Hey there, time traveller!
This article was published 7/5/2013 (1112 days ago), so information in it may no longer be current.
Mike Easton's goal is to turn Argus Industries into a world-class manufacturer, supplying rubber and rubber-moulded parts to original-equipment manufacturers -- particularly in the aerospace industry.
He knows "world-class" is a moving target -- "as soon as you think you're there, it's changed" -- but the company has a plan and it's sticking to it thanks to a program initiated a few years ago by the Manitoba Aerospace Human Resources Council (MAHRC).
"We have been on a world-class journey for a while," Easton said. "We're always trying to figure out how to get an edge."
The MAHRC program is appropriately called Competitive Edge.
Argus is one of five small- and medium-size businesses in Winnipeg taking part in the program that leads companies through a detailed course in benchmarking 11 elements of their business against the best in the business.
It's an involved and complicated process with no obvious point at which participants can say "mission accomplished."
But according to several industry experts at the two-day 2013 Western Aerospace Expo in Winnipeg this week, it's exactly the kind of journey lower-tier suppliers need to take to protect their positions in the globally expanding aerospace industry supply chain.
Martin Vezina, a national leader in government incentives and the aerospace and defence industry sector with Deloitte & Touche LLP, has helped produce an industry outlook document. Among other things, the report makes clear investment in the aerospace industry is growing much faster in Mexico, China, Russia and Brazil and that Canada's ability to maintain its position as the country with the fifth-largest aerospace industry is not guaranteed.
He said the large aerospace-equipment manufacturers are expanding their supply chains, relying on more parts suppliers from around the world. Also, there are emerging commercial plane manufacturers in Russia, China, India and Japan that are creating brand-new supply chains Canadian suppliers can take advantage of if they are prepared.
"Competition in the lower tiers is becoming fierce," Vezina said, noting it's in developing countries such as Mexico, Brazil, Russia and China where aerospace-industry activity is growing the most.
"Canada used to have a competitive advantage because of the lower dollar," Vezina said. "Now Mexico competes on the lower tier of the supply chain. Those lower-tier suppliers in Canada need to move up the supply chain."
That's exactly what they're trying to do at Argus and at Cormer Industries, Enduron Custom Inc., Standard Manufacturers Services Ltd. and MicroPilot -- the other companies participating in MAHRC's Competitive Edge program.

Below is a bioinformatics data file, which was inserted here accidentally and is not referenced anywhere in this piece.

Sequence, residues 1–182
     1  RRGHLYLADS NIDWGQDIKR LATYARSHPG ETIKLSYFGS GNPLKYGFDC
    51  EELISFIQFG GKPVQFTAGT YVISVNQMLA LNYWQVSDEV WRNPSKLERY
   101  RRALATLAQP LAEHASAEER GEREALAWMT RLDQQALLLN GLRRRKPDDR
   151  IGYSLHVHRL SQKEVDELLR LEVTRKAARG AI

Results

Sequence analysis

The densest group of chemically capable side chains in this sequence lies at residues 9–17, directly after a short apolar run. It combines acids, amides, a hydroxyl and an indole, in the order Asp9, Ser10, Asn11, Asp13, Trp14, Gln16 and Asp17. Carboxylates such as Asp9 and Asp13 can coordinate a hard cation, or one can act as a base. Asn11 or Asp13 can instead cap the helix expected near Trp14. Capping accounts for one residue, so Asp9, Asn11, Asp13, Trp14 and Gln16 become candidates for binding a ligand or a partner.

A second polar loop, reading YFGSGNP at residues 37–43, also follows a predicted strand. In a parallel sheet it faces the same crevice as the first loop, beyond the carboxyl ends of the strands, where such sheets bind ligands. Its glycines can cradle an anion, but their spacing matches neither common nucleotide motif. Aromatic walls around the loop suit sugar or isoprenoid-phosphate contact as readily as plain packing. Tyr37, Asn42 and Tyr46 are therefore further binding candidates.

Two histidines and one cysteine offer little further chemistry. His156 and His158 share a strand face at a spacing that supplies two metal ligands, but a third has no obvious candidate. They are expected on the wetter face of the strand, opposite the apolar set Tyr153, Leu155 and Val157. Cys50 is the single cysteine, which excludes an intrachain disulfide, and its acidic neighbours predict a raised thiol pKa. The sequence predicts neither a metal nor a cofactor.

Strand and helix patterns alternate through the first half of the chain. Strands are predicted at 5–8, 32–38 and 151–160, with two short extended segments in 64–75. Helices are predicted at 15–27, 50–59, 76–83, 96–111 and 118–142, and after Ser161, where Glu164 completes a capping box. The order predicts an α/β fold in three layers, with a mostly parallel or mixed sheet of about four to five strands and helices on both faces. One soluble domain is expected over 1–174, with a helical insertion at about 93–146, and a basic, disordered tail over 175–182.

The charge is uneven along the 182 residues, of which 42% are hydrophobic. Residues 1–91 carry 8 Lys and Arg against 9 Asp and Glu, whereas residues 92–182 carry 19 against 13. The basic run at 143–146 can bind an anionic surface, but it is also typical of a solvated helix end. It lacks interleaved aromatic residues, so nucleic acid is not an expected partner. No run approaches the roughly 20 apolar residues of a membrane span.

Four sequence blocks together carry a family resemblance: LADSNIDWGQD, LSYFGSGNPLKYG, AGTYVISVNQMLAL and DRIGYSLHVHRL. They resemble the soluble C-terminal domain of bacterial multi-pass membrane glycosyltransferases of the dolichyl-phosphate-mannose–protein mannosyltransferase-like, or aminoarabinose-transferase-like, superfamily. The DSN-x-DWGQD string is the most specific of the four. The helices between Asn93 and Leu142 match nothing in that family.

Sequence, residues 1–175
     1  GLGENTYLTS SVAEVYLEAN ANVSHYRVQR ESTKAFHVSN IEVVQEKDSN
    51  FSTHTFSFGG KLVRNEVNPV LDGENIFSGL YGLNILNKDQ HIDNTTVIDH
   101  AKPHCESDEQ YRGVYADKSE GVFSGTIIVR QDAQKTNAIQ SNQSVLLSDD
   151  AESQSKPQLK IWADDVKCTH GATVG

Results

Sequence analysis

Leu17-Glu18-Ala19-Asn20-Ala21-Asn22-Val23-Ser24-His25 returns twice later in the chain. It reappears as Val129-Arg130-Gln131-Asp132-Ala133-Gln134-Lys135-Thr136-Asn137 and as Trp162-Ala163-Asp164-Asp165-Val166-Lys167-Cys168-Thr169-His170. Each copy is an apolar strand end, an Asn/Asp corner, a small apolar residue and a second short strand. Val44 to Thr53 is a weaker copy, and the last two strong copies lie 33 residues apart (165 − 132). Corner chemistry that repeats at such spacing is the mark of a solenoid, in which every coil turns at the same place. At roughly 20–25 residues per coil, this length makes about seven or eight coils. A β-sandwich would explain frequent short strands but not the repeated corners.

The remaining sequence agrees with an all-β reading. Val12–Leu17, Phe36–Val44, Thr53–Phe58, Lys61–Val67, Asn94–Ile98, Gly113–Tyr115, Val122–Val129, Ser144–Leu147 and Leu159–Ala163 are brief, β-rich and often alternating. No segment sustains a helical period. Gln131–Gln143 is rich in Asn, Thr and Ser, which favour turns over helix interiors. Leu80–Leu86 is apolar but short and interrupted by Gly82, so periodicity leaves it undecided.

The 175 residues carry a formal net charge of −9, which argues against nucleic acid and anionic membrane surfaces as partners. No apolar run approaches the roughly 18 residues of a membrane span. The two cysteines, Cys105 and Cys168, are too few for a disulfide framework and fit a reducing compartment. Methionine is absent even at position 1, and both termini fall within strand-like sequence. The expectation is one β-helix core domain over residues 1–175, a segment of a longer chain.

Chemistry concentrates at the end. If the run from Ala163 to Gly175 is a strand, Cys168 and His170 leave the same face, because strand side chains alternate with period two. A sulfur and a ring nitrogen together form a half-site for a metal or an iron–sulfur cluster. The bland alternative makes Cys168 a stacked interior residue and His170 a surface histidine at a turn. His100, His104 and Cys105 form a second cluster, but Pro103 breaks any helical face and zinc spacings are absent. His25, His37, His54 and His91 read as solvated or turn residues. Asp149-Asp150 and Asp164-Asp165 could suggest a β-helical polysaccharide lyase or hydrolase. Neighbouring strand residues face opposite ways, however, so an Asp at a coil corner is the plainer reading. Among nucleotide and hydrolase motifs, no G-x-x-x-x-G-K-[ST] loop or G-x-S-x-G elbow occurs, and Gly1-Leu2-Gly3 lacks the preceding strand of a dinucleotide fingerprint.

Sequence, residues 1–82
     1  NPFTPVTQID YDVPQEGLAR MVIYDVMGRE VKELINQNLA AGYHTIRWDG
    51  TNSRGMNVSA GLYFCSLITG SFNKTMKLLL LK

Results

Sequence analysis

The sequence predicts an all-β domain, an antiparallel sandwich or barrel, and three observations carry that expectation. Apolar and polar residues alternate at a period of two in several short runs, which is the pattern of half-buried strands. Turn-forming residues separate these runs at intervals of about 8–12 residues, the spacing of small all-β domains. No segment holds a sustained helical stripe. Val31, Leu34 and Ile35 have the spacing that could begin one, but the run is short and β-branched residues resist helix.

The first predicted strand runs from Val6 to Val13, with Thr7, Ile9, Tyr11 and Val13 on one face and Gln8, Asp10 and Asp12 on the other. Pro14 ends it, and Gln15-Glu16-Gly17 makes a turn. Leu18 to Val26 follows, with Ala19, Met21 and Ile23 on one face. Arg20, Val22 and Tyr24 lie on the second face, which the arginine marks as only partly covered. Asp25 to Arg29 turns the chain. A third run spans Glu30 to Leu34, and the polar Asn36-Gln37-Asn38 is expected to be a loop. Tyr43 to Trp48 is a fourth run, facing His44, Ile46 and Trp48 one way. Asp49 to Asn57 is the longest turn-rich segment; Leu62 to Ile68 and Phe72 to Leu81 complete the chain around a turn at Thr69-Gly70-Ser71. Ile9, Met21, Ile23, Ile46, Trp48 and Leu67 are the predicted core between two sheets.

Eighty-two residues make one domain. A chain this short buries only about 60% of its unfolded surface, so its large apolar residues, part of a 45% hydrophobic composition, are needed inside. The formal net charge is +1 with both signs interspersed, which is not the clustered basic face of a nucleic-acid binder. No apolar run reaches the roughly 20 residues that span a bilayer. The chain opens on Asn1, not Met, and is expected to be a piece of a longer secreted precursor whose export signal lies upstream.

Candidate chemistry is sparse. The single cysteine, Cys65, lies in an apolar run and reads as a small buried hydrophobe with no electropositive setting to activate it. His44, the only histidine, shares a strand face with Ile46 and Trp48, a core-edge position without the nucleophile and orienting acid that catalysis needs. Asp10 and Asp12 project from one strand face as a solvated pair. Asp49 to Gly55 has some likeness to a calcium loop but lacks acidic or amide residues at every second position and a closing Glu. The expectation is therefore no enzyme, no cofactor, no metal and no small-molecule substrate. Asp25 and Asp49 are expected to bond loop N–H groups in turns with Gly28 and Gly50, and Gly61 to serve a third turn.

Manitoba's aerospace industry is the largest in Western Canada and third largest in the country behind Quebec and Ontario. It's characterized by three large players -- Boeing, StandardAero and Magellan Aerospace's Bristol Aerospace. (Aveos used to be the fourth large player before it went into receivership and closed last year.)
StandardAero does engine maintenance, repair and overhaul and Bristol and Boeing in Winnipeg would be characterized as tier II suppliers. Their presence in Winnipeg provides significant economic spinoffs but they do not do much business with lower-level suppliers in Manitoba.
That's partly because of the exacting standards and tight regulatory requirements in the aerospace industry.
"Those suppliers need to be able to demonstrate that they have the systems in place, the ability to deliver on time and with the required quality," said Wendell Wiebe, the executive director of MAHRC.
Not only that, he said they also have to demonstrate to customers from around the world they can make money on the order and are not just low-balling a price. They have to be able to show what they are doing is sustainable.
But because of the global competitive environment, they have to provide more value-added products and not just low-end parts those Mexican suppliers can do just as well but at a lower cost.
Since Easton joined the family business in 1997, it's more than doubled its workforce to 80 people. Easton is passionate about transforming the company and said about four years into the Competitive Edge program he's now confident about bringing in big-name potential customers in the demanding aerospace and defence industries.
For instance, Argus recently started doing some work for the Canadian division of submarine manufacturer, Babcock International Group.
"We're ready now," Easton said. "When we do go put ourselves in front of a world-class company like Boeing or Rolls Royce or Airbus, we will have something to show them."